Exploring H2O.ai AutoML

The short time I have spent on Kaggle, I have realised ensembling (stacking models) is the best way to perform well.

Well, I am not the only one to think so!!

Stacking is a Model Ensembling technique that combines predictions from multiple models and generates a new model.

Model Ensembling

I am going to write a new post on model ensembling ๐Ÿ™‚

I have experimented with multiple ensembling techniques and made a model with XGboost, LightGBM, and Keras for Zillow Zestimate problem which did perform well.

Hyper-Parameter tuning for the base models was done using Cross-Validation + Grid Search. Tuning the parameters of the combined model is where things get strenuous.

There, I began to search for a better way to build ensembled models. I found few frameworks to build better-ensembled models like Auto-sklearn, TPOT, Auto-Weka, machineJS and H2O.ai AutoML.

Auto-sklearn and TPOT provide a Sklearn styled API that can help you get things going quite fast. But H2O.ai Auto ML got better results for me atleast ๐Ÿ™‚

H2O.ai is an open source Machine Learning platform which gives you a good bunch of Machine Learning algorithms to build scalable prediction models.

H20 AutoML can help in automating the machine learning workflow, which includes training and tuning of hyper-parameters of models. The AutoML process can be controlled by specifying a time-limit or defining a performance metric-based stopping criterion. AutoML returns a leaderboard with the best models ensembled.

AutoML provides APIs in Python and R that comes with H2O library.

I have decided to give a try on H20 AutoML for Zillow Zestimate problem. I have used R for making the model for making the submission.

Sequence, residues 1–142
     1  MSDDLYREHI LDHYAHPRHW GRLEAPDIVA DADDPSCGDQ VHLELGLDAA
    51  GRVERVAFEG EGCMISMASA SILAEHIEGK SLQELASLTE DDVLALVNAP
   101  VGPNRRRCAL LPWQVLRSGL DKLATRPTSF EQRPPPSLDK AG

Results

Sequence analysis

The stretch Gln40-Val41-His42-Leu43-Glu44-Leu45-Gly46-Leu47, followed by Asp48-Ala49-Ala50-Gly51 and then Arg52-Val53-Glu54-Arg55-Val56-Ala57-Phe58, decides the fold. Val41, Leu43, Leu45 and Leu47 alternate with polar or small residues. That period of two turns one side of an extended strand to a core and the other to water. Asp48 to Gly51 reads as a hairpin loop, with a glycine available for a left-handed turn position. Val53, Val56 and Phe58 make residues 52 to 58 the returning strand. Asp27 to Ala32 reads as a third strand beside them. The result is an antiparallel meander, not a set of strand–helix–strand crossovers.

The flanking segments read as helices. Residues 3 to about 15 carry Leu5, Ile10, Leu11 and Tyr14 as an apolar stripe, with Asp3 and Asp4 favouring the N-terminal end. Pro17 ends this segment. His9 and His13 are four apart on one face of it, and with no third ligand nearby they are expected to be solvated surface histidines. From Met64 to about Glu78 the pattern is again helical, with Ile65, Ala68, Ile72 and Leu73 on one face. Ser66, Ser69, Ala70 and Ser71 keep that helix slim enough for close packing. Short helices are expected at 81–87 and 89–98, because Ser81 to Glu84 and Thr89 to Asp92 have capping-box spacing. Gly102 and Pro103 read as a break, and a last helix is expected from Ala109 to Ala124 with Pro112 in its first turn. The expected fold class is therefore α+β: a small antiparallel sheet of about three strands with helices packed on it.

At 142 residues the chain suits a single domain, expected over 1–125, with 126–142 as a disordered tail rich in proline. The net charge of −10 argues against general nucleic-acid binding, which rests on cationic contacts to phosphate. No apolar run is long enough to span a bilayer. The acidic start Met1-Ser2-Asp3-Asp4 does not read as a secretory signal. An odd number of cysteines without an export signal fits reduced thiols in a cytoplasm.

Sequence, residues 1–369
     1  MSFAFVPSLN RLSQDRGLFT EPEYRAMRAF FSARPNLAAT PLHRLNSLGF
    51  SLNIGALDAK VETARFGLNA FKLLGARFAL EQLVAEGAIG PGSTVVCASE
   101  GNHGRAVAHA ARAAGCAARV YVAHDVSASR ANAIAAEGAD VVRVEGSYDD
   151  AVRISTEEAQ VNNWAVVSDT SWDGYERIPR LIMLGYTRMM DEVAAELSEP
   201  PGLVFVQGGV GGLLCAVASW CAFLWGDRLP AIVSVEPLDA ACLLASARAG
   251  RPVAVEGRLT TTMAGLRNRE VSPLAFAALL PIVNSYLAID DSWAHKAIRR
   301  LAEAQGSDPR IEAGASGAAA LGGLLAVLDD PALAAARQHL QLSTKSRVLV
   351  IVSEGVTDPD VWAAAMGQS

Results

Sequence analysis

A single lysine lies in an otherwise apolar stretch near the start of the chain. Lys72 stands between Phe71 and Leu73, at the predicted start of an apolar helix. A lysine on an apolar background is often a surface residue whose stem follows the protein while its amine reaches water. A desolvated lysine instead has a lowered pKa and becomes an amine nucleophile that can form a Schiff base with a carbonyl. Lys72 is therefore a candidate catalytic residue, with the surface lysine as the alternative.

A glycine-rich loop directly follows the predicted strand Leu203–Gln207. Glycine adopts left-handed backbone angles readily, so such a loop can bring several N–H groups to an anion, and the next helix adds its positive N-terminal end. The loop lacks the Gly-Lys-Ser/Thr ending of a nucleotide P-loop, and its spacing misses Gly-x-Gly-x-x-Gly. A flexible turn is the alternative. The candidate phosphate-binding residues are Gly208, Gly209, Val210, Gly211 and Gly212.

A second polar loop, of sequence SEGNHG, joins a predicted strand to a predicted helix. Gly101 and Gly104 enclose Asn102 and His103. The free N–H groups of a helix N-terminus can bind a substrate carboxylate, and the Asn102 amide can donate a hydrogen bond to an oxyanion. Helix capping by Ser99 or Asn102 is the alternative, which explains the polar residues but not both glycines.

# Load train and properties data

properties <- fread("../input/properties_2016.csv", header=TRUE, stringsAsFactors=FALSE, colClasses = list(character = 50))
train      <- fread("../input/train_2016_v2.csv")
training   <- merge(properties, train, by="parcelid",all.y=TRUE)

# Initialise h20
h2o.init(nthreads = -1, max_mem_size = "8g")

# Mark predictor and response variables
x <- names(training)[which(names(training)!="logerror")]
y <- "logerror"

# Import data into H2O
train <- as.h2o(training)
test <- as.h2o(properties)

# Fit H2O AutoML Mode;
aml <- h2o.automl(x = x, y = y,
                  training_frame = train,
                  max_runtime_secs = 1800, stopping_metric='MAE')

# Store the H2O AutoML Leaderboard                  
lb <- aml@leaderboard

# Use Best Model in the leaderboard

# Generate Predictions using the leader Model
pred <- h2o.predict(aml, test)

predictions <- round(as.vector(pred), 4)

# Prepare predictions for submission file
result <- data.frame(cbind(properties$parcelid, predictions, predictions,
                          predictions, predictions, predictions,

options(scipen = 999)

# Wite results to submission file
write.csv(result, file = "submission_xgb_ensemble.csv", row.names = FALSE )

Running the AutoML model for 1800 seconds with stopping metric as MAE gave me a Public Leaderboard score of 0.06564.

Thatโ€™s a good score considering that I havenโ€™t even dealt with basic data preprocessing ๐Ÿ™‚

Varun Kruthiventi

Varun Kruthiventi

Senior Software Engineer